Geology with added microbes

One of the fastest growing areas of research in the geosciences is what is now called ‘geomicrobiology’. Although bacteria and other microbes have long been used in industrial processes such as bioleaching, where  metals are extracted from their mined ores, it is only now that the role played by microbes in geological processes is being fully appreciated. At and near Earth’s surface, such organisms can be involved in electron transfer reactions that have a great impact on the chemistry of sediments, soils and waters, influencing the cycling of major elements such as sulphur and iron, and of trace toxic elements such as arsenic.

The reasons for the growth in interest in geomicrobiology is partly due to development of  techniques which can probe the composition of natural microbial communities and their genetic makeup. It is also because we now have techniques to study the very fine particle minerals, and the surfaces of those minerals, involved in many mineral-microbe interactions.

Geomicrobiology is fascinating partly because it is literally where geology and biology meet in the living world. Many questions about  mineral-microbe interactions remain to be answered, not least the question of how such interactions work at the molecular scale (as when an organism such as the bacterium Geobacter respires through an electron transfer reaction that involves the reduction of highly insoluble ferric iron oxide minerals to a much more soluble ferrous form).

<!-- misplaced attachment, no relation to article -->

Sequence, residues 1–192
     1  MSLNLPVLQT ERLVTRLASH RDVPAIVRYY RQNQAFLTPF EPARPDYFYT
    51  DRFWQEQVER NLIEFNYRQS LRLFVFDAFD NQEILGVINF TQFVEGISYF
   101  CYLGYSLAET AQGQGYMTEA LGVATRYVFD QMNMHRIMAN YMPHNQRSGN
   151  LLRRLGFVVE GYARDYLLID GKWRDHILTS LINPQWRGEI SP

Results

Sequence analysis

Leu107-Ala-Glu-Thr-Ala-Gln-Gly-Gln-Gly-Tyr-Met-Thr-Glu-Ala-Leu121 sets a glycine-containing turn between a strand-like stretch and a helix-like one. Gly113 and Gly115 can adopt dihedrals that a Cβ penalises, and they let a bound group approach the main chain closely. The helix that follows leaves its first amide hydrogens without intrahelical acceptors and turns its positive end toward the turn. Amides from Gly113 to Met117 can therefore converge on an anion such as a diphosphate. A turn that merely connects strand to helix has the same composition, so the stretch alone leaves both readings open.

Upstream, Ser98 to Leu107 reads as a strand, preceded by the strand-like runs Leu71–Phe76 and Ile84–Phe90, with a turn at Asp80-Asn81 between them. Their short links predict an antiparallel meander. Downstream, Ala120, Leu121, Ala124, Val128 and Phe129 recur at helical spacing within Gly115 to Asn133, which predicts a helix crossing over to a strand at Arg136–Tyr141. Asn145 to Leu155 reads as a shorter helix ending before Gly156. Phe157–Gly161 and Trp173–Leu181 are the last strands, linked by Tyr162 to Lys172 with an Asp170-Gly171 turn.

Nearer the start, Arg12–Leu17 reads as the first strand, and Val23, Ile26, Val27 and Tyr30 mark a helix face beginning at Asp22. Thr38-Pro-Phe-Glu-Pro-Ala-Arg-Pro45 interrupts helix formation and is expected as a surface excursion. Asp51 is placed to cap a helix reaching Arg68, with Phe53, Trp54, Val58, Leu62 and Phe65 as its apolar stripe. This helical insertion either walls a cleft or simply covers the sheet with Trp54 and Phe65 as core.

Geomicrobiology is not just a subject of academic interest;  microbes can be set to work in helping to solve practical problems, such as in the clean-up of contaminated land and water, or the synthesis of novel mineral products.

As part of the initiative associated with the launch of the Geological Society’s Environment Network, the Society is co-sponsoring (with the Society for General Microbiology, and the Mineralogical Society) a 2-day conference on ‘Geomicrobiology- the roles and activities of microbes in processes of fundamental importance to geology’. This is planned for 19-20 April, 2012 in Manchester.

Look for futher information on the Society’s website and in the magazine ‘Geoscientist’ – this will be an event not to be missed!

3 thoughts on “Geology with added microbes

  1. While I don’t know if I’d be able (or, to be honest, more than marginally interested) in attending, I do know that I’m appreciably more likely to be able to attend a conference in Manchester than in London. So count that as a vote in favour of the venue. Hell, I might even be able to combine it with a weekend caving or hill-walking.

  2. Dear David,
    I am currently writing a Thesis for the Wein Akademie in Rust Austria. The topic is: “Minerality in Wine: fact, fun or fiction”. The subjective experience of taste and aroma of “minerals” in wine will be examined. (There is a some debate as to whether the descriptor “minerality” in wine tasting notes should be used at all). As part of this work I would like to better understand how stones/minereals in vineyard soil are converted into water soluble mineral ions and absorbed by the vine roots.
    Are you aware of any articles that look at the first step in this process, i.e the role of microbes in creation of water soluble mineral ions?

    Graham R.

  3. In response to Ian, hill-walking and caving combined with some geo-microbio conferencing sounds a great idea. Hope to see you in Manchester!

    In response to Graham R., there is an extensive literature on this topic. I suggest you start with the book ‘Introduction to Microbiology’ by Kurt Konhauser (Blackwell , 2007) and particularly with chapter 5 — yours is a great thesis topic by the way (most geoscientists, myself included, are enthusiastic consumers of wine !)


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